I noticed that we are neighbors.  I'd be happy to loan you a key, code practice oscillator and a receiver if you'd like more practice.  Shoot me an email.  My address is on QRZ.com.

Rod, K4RLO
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KG4DGF
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Posts: 50




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« Reply #8 on: October 20, 2009, 08:58:54 AM »

One think i may note is the software can only take you so far.  It is helpful to learn with it, but after you learn the code, make sure to get on the air and have at leas a qso a day.

Having friends nearby helps too.  I have a tough antenna situation on HF, which means i wont always get a qso.  So i have a friend that lives nearby, so we have been practicing on 2M cw almost everyday for the last week or so.  I already have seen an improvement.  It makes it a lot easier because i have someone that can push me.  It is also a lot of fun to have someone to work with and talk on the repeater to critique each others sending and clarify the intent of messages that get lost.

CW is all about practice, and the best practice is on the air.  I highly advise you to look into the SKCC (Straight Key Century Club) or FISTS.  Both organizations encourage CW operations, and will slow down to help newbies, like myself, out.

Hope to see you on the air.

73 de WI3M
SKCC # 5856
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N8UZE
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Posts: 1524




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« Reply #9 on: October 20, 2009, 04:40:45 PM »

Sound alikes is absolutely the worst way to use code if you intend to actually use it on the air.  It creates an extra step in the brain that is unnecessary and will have to be unlearned if you want to increase your speed to typical conversational and/or contest speeds.

Use G4FON.
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KF7ATL
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Posts: 54




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« Reply #10 on: October 25, 2009, 12:31:07 PM »

I started with AA9PW.com.  I have a MAC and couldn't use some of the software that's available because it's made for PC's.  After that, the best thing to do is bite the bullet and get on the air.  That's helped me more than anything. I found 99.9% of the guys that I QSO with are very friendly and willing to help a beginner.
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LA3AKA
Member

Posts: 30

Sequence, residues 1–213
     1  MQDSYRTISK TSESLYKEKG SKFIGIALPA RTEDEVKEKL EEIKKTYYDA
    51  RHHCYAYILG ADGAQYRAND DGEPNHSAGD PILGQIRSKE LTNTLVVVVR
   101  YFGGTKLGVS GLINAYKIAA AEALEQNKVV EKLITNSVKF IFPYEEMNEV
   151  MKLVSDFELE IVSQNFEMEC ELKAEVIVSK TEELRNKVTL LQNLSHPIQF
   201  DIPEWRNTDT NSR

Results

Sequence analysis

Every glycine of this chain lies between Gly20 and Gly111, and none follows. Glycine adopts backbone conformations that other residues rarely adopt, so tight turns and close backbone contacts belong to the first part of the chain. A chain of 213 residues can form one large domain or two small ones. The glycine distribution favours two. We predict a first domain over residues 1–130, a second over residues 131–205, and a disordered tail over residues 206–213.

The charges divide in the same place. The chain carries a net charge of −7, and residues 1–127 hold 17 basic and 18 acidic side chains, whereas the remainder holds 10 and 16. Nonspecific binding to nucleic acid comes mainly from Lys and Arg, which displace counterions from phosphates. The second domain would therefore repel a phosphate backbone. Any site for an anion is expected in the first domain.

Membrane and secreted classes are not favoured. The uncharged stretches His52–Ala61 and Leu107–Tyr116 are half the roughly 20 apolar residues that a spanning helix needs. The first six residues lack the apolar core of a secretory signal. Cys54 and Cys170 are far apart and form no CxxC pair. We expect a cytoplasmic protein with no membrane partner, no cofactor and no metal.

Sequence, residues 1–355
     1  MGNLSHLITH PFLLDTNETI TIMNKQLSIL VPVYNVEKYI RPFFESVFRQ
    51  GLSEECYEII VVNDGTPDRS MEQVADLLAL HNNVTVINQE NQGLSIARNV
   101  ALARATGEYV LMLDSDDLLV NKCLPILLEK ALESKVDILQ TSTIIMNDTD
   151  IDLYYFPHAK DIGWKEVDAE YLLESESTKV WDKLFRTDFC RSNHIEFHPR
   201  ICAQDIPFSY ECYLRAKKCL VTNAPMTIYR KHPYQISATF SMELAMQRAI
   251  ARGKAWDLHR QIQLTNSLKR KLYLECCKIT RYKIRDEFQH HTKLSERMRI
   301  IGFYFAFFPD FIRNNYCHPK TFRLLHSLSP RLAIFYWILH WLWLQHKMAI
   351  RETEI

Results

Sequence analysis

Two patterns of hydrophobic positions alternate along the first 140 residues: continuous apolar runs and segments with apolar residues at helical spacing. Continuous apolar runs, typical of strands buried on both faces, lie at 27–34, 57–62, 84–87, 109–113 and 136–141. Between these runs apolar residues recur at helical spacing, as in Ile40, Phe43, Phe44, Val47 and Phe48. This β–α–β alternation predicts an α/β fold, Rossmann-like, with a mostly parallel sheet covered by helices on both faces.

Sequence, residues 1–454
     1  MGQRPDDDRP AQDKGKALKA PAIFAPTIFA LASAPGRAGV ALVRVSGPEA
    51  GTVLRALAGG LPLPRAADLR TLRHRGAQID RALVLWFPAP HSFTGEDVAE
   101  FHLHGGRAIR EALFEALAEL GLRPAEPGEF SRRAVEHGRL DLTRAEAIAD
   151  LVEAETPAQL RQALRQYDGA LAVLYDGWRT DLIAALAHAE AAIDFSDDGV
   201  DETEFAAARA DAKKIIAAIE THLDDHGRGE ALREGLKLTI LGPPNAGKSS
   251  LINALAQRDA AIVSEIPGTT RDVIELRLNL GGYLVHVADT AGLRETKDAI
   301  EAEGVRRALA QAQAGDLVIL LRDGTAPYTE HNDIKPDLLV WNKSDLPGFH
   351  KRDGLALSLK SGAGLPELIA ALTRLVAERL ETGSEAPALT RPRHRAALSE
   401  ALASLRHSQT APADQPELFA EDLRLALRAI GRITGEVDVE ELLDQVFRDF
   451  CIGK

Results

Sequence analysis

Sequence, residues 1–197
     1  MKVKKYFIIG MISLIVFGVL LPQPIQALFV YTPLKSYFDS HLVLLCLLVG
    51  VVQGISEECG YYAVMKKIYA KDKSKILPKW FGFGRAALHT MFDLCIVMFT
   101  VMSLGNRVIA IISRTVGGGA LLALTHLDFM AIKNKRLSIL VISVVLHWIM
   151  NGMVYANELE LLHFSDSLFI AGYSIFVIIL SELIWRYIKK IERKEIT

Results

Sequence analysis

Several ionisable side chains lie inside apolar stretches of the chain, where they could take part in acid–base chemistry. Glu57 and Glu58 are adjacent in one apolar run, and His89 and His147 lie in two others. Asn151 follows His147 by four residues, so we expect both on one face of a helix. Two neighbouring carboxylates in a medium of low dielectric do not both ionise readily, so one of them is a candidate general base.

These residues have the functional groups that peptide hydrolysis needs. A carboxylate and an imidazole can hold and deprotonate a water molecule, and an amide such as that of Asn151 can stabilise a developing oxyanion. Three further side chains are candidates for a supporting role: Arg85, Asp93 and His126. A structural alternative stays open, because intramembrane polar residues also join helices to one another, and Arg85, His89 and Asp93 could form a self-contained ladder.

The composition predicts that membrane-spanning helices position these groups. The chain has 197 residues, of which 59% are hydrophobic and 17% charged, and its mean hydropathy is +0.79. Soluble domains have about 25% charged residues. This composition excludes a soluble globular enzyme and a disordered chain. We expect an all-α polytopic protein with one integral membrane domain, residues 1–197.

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« Reply #11 on: October 26, 2009, 07:29:45 AM »

G4FON koch morse software and JustLearnMorseCode by LB3KB are both great programs.  I prefer the JustLearnMorseCode because it gives somewhat more flexibility. another good site is the www.lcwo.net which is an online morse code training site, which also uses the Koch method.  This page is written and maintained by DJ1YFK, Fabian Kurz.  I have used the koch method myself and can now easily copy morse code at 20WPM, earlier I have tried the soundalike method and the visual method, both had me struggle to get past the 10-12WPM mark.  I basically had to re-learn morse code to get over the dreaded 10WPM barrier.

I guess the soundalike is ok if you just want to pass the 5WPM hamradio test, but if you plan to use morse code as a way of communicating its just a waste of time. I totally agree in N8UZE here.

If you want to learn more about learning morse code I suggest you read the following article:  http://www.qsl.net/n1irz/finley.morse.html

I can also recommend the following book available free on the web:

Tha art and skill of radio telegraphy by Willam G. Pierpoint: http://www.qsl.net/n9bor/n0hff.htm

See also my reply under : http://www.eham.net/forums/CW/10337


Good luck on learning morse code

73 de LA3AKA
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K5RIX
Member

Posts: 17




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« Reply #12 on: October 31, 2009, 04:41:20 AM »

There is no way you can learn the code by casual listening. It isn't hard, but you need to make the commitment and get instruction.  Once you learn the code, then listening and, especially, operating will get you on the way to proficiency.

You will reach a point where you are comfy; that's when you want to turn up the speed.  If you do this on the air doing QSO's, you will learn quickly and well.

But you must first get instruction.  Good luck!

Ric K5RIX